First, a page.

- Passion Relics and the Medieval Imagination: Art, Architecture, and Society by Cynthia Hahn
Relics of Christ's Passion present scholars of medieval Christianity with a fascinating paradox. According to the New Testament, Christ's body ascended into heaven shortly after his resurrection. Therefore, apart from a few alleged relics of Christ's blood and circumcised foreskin, there are no bones or body of Christ to venerate. In the absence of primary relics, medieval Christians collected and enshrined objects that came into contact with Christ—specifically, those items that interacted with his body during the Passion (the whip, crown of thorns, True Cross, holy nails, sponge, and lance, among others). The medieval dissemination and popularity of these relics are the subject of Cynthia Hahn's latest monograph, which surveys the cult of Passion relics in western Europe from the time of Constantine to the sixteenth century.
Hahn's book is taken from two public lectures, given at the Spencer Museum of Art (University of Kansas) and the Nelson-Atkins Museum (Kansas City). Following the division of these lectures, Passion Relics consists of only two chapters, with micro-discussions embedded in each. The first half of the book traces the development of the cult of what Hahn deems the "greatest" Passion relic: the True Cross. Hahn recounts the True Cross's origin story (found by Helena, the mother of Constantine), examines the various medieval records of the dissemination of splinter relics, and analyzes practices of enshrining fragments of the True Cross in Western reliquaries. She discusses the cross as both a material object and as a shorthand for faith, redemption, and sacrifice in text, liturgy, and art. One example of the latter includes the poem "The Dream of the Rood," wherein the True Cross appears to an anonymous viewer as a living tree that has been both attacked and bejeweled by human hands. The second half of the monograph focuses on medieval Passion relics as a group, both in theory and in physical collections. Hahn outlines the major relics, including the holy nails, the lance, and the sponge, and their significance to medieval Christians as [End Page 278] objects that touched Christ's skin, blood, and mouth. Hahn notes that Passion relics appeared to surface in social and political settings in which they served a purpose, emphasizing that the material culture of belief was never far from secular ambitions. In this way, Hahn's second chapter analyzes Passion relics "as holy material but also as social phenomena—as barometers of Christian devotion and its processes" (5). Passion relics were utilized by rulers, such as Constantine and Raymond of Toulouse, to solidify diplomatic ties. Louis IX, Charles IV, and the Savoy dynasty created extravagant architectural works to house their Passion relics and underscore their personal connections to the objects.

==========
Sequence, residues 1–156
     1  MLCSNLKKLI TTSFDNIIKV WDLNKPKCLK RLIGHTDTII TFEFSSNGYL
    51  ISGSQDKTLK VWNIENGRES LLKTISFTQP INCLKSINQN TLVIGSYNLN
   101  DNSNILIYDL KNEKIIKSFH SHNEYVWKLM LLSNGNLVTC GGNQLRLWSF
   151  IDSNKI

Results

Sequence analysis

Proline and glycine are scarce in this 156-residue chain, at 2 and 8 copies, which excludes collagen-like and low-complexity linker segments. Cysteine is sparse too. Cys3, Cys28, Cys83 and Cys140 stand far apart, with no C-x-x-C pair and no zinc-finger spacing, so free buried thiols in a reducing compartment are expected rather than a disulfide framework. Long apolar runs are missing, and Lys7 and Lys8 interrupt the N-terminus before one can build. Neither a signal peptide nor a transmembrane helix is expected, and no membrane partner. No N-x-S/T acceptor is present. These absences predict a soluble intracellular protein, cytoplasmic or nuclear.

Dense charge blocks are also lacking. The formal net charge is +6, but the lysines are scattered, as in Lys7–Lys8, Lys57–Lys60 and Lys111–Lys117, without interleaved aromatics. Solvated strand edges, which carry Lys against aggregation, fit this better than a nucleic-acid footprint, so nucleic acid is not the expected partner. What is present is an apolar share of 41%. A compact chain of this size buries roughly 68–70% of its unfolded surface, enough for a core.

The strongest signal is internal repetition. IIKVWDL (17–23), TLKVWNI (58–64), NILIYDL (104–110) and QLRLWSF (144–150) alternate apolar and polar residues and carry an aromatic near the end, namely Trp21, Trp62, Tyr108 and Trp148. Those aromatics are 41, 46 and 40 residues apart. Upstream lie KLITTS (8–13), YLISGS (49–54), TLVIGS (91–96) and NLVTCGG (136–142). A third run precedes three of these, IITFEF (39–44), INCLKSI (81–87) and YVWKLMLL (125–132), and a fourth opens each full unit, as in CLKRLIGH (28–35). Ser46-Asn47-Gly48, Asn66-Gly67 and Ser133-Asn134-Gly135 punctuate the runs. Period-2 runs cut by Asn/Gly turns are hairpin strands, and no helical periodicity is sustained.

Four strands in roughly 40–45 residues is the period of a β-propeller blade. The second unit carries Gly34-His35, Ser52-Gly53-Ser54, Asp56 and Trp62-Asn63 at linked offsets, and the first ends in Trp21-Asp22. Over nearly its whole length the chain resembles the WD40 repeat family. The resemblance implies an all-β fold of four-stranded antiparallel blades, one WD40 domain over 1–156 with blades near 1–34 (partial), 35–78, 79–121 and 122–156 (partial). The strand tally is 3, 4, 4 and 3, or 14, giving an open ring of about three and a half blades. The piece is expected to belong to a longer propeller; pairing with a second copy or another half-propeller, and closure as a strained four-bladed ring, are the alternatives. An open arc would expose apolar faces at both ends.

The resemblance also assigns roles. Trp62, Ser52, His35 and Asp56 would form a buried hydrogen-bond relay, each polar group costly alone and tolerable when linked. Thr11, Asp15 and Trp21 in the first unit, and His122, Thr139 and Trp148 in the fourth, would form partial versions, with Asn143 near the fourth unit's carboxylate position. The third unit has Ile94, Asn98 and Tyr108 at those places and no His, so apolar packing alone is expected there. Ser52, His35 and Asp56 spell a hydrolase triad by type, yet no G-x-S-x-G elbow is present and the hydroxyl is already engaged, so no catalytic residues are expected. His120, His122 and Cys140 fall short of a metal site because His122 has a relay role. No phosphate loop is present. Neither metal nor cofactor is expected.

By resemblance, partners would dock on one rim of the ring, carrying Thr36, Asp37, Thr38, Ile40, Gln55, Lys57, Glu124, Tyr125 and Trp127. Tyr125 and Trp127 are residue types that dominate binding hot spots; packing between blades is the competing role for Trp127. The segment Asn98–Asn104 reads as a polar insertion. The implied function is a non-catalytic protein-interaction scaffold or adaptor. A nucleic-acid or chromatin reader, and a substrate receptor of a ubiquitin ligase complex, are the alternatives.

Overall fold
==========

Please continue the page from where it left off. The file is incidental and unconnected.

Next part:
Passion relics, however, did not just circulate in the elite circles of medieval Europe. While Passion relics first traveled from east to west relatively slowly and mostly through diplomatic channels, the crusades opened up a much broader network for relics of the True Cross, the holy lance, and others to enter western Europe in larger amounts. The lay populace interacted with Passion relics in the context of grand architecture or elaborate civic processions, which further elevated the status and splendor of the items on display. In addition to this kind of public devotion, Hahn explores the role of Passion relics in female spirituality and imagination. She discusses the images in the Passional of Abbess Kunigunde and the devotion of Gertrude of Helfta, a mystic who used the veil of Veronica as a focus in her meditations. Hahn mentions the sexualized nature of some female devotions to Christ's wounds, but does not analyze them in depth.
A second paradox regarding Passion relics emerges in Hahn's work: items associated with physical pain and torture also become conduits of spiritual redemption and loving devotion for believers. Hahn notes this juxtaposition manifests itself visually through the contrast between the relics themselves (iron or wood) and the materials of their reliquary...